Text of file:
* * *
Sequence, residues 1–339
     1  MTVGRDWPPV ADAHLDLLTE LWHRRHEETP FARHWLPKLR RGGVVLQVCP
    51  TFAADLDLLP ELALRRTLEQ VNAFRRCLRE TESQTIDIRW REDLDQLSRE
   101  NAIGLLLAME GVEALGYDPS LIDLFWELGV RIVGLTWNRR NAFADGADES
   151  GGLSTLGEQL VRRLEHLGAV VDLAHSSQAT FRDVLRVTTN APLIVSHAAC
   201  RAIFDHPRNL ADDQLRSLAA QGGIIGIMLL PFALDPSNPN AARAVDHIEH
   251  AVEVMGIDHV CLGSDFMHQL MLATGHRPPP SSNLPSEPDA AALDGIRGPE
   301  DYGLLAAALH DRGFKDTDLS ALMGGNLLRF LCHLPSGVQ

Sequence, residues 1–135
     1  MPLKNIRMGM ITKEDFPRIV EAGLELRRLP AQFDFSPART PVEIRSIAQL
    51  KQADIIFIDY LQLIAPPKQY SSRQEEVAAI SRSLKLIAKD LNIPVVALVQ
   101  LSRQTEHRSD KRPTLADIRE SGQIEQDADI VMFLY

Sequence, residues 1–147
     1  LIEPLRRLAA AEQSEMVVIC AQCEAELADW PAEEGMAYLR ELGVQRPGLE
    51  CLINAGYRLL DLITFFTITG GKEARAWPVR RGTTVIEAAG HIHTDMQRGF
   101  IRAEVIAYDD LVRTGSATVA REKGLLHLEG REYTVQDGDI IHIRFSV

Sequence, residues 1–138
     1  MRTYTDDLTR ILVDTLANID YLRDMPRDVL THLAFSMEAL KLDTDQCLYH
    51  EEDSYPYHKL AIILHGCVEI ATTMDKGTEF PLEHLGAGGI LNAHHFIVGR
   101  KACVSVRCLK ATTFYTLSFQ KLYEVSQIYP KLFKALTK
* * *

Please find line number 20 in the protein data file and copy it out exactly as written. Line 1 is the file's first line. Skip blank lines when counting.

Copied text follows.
   101  KACVSVRCLK ATTFYTLSFQ KLYEVSQIYP KLFKALTK